There are many threads on the forum about people having problems making projects from construction lumber.

If your daughter insists on using construction lumber, I would use 2x4 rather than 2x12. It is easier to find straight boards in the "Premium" grades of construction lumber. Some may have waxed ends to reduce cracking, perhaps the KD-15 moisture content.

The narrower boards will crack less, and if one decides to crack or twist, it will be easier and less expensive to replace.

As others have commented, planing does not stabilize the wood. If I am using construction lumber, I may plane it to get a smoother surface or remove scratches/chips from the mill. Perhaps a good idea for a table top. I only take off perhaps 1/64in. A light pass.
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post #8 of 9 Old 03-12-2013, 12:55 PM Thread Starter
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Thanks to all who have chimed in, this newbie appreciates it.

Quote:
Originally Posted by Dave Paine View Post
It sounds like you are considering construction lumber for the table top. Not the best material.

This link explains the different grades of construction lumber and the different moisture contents.

http://www.sbcindustry.com/images/pu...r%20grades.pdf

KD is max 19% moisture content at the time of milling.

KD-15 is max 15%.

A hardwood lumber mill which kiln dries, may dry to 11-12% depending on how the operator runs the kiln.

Whatever wood you purchase is going to experience moisture change. Typically this will be loosing moisture to get to the same moisture content as your shop and later the room in which the project is placed. Hence it is possible you make the item, it looks fine, then you move it to an air conditioned room, and it "moves" aka, twists, cracks etc. due to the room having even less moisture.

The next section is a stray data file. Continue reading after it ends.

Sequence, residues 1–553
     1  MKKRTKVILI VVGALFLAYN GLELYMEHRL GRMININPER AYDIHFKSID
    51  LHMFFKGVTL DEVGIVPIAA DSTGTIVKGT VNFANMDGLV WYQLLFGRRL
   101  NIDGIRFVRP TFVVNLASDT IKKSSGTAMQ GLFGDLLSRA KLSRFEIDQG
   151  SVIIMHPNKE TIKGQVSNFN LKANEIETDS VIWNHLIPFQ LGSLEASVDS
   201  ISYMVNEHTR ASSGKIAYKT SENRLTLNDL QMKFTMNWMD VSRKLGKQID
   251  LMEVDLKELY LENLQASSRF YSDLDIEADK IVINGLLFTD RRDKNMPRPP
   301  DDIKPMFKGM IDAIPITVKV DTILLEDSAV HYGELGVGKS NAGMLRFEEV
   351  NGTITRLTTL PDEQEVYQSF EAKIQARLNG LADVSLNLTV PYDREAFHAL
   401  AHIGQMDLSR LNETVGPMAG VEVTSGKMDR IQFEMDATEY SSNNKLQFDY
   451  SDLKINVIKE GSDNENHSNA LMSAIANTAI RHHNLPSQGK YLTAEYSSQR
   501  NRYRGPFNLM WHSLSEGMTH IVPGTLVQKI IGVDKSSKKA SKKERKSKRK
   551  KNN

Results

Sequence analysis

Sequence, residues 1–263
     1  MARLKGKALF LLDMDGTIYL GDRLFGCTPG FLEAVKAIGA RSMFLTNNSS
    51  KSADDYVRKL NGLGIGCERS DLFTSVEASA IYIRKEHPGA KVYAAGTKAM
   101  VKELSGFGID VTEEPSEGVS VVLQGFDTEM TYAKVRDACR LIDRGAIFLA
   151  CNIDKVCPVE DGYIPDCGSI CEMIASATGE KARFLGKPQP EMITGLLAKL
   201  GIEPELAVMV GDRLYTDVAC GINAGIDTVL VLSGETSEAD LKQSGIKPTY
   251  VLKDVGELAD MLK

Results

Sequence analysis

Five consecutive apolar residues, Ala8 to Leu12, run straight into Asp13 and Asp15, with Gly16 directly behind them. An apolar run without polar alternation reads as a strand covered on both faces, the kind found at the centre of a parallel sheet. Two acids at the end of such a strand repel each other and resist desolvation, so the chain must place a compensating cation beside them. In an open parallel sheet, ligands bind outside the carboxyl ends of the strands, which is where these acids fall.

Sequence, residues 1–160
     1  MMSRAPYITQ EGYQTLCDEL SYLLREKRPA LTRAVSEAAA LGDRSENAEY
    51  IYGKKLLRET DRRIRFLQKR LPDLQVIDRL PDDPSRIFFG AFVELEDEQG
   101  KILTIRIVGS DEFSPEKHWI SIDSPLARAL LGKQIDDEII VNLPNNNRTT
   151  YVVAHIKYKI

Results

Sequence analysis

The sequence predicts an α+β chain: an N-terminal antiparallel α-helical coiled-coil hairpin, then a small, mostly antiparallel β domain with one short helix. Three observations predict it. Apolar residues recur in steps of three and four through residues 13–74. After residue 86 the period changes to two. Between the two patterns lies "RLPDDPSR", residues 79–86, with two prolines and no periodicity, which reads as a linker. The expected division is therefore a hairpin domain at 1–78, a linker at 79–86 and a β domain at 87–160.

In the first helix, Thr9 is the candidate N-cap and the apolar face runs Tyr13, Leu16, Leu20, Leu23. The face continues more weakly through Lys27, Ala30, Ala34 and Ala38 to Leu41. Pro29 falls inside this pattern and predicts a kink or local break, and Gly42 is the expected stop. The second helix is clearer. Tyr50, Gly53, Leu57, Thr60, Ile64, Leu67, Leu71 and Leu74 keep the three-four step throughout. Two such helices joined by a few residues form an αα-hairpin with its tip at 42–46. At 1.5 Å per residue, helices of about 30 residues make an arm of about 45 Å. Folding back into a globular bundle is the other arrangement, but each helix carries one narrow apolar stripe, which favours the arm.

There are many threads on the forum about people having problems making projects from construction lumber.

If your daughter insists on using construction lumber, I would use 2x4 rather than 2x12. It is easier to find straight boards in the "Premium" grades of construction lumber. Some may have waxed ends to reduce cracking, perhaps the KD-15 moisture content.

The narrower boards will crack less, and if one decides to crack or twist, it will be easier and less expensive to replace.

As others have commented, planing does not stabilize the wood. If I am using construction lumber, I may plane it to get a smoother surface or remove scratches/chips from the mill. Perhaps a good idea for a table top. I only take off perhaps 1/64in. A light pass.
This will be my first attempt at building a table and so my concern is maintaining a flat surface that stays that way.
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post #9 of 9 Old 03-12-2013, 01:04 PM
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Quote:
Originally Posted by oakcutter View Post
This will be my first attempt at building a table and so my concern is maintaining a flat surface that stays that way.
As other replies mentioned, hardwood is a better material than construction lumber.

Whatever wood you purchase, let it acclimate for a few weeks before cutting/planing.

Ideally cut/plane and let is still again, as Firemedic mentioned.

You want to ensure the wood is as stable as possible before assembling. Finding a bad board before you assemble is a lot less frustrating than it is happens after assembly.

Sometimes the wood can have internal stresses which are not obvious, but can be released by cutting/ planing or shaping the wood. This can happen with the best of woods, but the cheaper woods of construction lumber have more potential.